A rugged, whitewater river flowing northward through deep canyons, the New River is among the oldest rivers on the continent. New River Gorge National River in West Virginia encompasses over 70,000 acres of land along the New River, is rich in cultural and natural history, and offers an abundance of scenic and recreational opportunities.
Big Southern Butte is one of two domes rising from a sea of basalt near the center of the eastern Snake River Plain in Idaho. The butte is one of the largest volcanic domes in the world, but at 300,000 years old it is also one of the youngest. Hikers who trek to the 7,550-foot high summit are rewarded with spectacular panoramic views. Photo by Devin Englestead, BLM Upper Snake Wildlife Biologist.
First light at Bosque del Apache National Wildlife Refuge in New Mexico. Established in November 22, 1939, the refuge has provided a critical stopover and wintering spot for thousands of sandhill cranes, geese and other waterfowl for 75 years. Bosque del Apache's sandhill crane population has multiplied from 18 birds in the 1840s to more than 20,000 birds today. Photo by Kim Hang Dessoliers (www.sharetheexperience.org).
AMERICA'S GREAT OUTDOORS: Secretary Salazar Touts Economic Benefits of Conserving Richmond's Historic Resources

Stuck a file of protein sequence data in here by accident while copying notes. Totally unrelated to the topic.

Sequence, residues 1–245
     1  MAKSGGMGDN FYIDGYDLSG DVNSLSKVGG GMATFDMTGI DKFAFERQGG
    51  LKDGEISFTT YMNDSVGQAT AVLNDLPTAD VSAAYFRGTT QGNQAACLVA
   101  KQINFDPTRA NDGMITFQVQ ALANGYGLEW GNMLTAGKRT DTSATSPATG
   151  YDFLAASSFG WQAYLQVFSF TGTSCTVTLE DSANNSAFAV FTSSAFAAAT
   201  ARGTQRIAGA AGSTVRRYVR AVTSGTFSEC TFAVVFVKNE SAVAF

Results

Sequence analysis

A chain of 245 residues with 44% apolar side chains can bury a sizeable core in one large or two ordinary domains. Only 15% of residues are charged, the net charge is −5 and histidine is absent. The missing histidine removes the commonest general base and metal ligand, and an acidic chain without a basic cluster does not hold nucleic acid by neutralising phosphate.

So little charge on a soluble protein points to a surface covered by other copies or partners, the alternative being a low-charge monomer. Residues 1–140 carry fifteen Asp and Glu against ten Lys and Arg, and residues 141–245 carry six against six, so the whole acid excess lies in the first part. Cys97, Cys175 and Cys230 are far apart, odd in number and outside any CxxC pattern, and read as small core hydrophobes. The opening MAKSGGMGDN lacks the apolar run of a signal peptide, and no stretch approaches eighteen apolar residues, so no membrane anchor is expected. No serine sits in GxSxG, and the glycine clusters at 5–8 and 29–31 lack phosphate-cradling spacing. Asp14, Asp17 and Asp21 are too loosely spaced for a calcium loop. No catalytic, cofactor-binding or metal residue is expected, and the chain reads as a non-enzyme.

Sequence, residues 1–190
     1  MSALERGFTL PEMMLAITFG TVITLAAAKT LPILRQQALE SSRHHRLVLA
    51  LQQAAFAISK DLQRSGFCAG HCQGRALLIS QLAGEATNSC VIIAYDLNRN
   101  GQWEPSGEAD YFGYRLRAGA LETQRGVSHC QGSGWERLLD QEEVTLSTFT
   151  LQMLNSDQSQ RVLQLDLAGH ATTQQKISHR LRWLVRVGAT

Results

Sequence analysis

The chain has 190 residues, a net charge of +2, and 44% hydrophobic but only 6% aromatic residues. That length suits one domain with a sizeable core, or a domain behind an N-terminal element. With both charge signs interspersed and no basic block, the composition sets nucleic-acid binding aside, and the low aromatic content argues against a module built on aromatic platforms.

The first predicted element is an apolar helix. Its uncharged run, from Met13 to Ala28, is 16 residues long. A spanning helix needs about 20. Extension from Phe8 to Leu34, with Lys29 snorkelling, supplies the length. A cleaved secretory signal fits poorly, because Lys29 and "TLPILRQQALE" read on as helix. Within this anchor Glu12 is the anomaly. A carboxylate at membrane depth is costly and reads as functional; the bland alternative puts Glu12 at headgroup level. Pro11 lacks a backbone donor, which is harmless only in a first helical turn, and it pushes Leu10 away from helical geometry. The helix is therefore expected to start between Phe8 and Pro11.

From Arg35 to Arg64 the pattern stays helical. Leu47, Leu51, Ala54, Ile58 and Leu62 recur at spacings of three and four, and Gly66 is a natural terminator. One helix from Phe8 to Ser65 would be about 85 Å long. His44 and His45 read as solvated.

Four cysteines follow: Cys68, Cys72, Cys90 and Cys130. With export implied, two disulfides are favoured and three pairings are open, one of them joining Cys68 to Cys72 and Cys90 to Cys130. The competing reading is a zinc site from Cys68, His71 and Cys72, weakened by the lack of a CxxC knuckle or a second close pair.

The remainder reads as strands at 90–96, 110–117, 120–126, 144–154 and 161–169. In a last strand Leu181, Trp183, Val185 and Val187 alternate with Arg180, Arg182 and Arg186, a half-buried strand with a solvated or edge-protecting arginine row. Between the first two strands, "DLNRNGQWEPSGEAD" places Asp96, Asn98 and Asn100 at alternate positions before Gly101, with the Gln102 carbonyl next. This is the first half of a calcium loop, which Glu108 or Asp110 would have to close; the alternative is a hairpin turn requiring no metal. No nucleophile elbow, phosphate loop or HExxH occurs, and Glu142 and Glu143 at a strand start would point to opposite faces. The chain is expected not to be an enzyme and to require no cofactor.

Announces 385-Acre Expansion of Richmond National Battlefield Park to Enhance Tourism and Create New Jobs for Virginia
RICHMOND, Va.— Secretary of the Interior Ken Salazar today announced $4 million in Land and Water Conservation Funds to acquire and preserve an additional 385 acres at Richmond National Battlefield Park. The announcement coincides with the National Park Service's 150th anniversary commemoration of the Civil War and comes as part of the Obama administration's effort to significantly boost tourism and travel in the United States.
“Tourism is one of the top economic drivers in Virginia and in communities throughout the country,” said Secretary Salazar. “These acquisitions, funded by fees from offshore oil and gas development, will enable us to preserve two key battlefields of the Civil War and help draw more visitors and jobs to the area. This is a win-win situation for everyone.”
Today's announcement reflects the overall efforts of the administration to put Americans back to work and strengthen the U.S. economy by promoting the United States as a tourism destination.
In January, President Obama launched the creation of a Travel & Competitiveness Task Force to promote domestic and international travel opportunities throughout the United States, thereby expanding job creation. A particular focus of the Task Force will be on strategies for increasing tourism and recreation jobs by promoting visits to our national treasures – including our national parks, wildlife refuges, cultural and historic sites, monuments and other public lands that attract travelers from around the country and the globe.
Joined by Governor Bob McDonnell and National Park Service Director Jon Jarvis, Secretary Salazar made the announcement following a town hall meeting that attracted more than 100 Richmond area tourism and business leaders. During the meeting, participants shared ideas, success stories and challenges, and best practices in promoting battlefield and heritage tourism – including that related to the Civil War – in the Richmond area.